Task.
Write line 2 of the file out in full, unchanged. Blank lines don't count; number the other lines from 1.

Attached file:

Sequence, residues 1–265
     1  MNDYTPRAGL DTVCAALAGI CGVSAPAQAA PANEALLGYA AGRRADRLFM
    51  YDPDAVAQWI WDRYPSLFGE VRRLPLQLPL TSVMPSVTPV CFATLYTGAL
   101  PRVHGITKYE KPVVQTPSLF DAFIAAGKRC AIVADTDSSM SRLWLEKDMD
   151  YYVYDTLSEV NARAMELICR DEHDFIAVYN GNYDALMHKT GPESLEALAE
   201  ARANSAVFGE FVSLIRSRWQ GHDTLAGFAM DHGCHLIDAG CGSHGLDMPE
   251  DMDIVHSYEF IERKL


     1  MNDYTPRAGL DTVCAALAGI CGVSAPAQAA PANEALLGYA AGRRADRLFM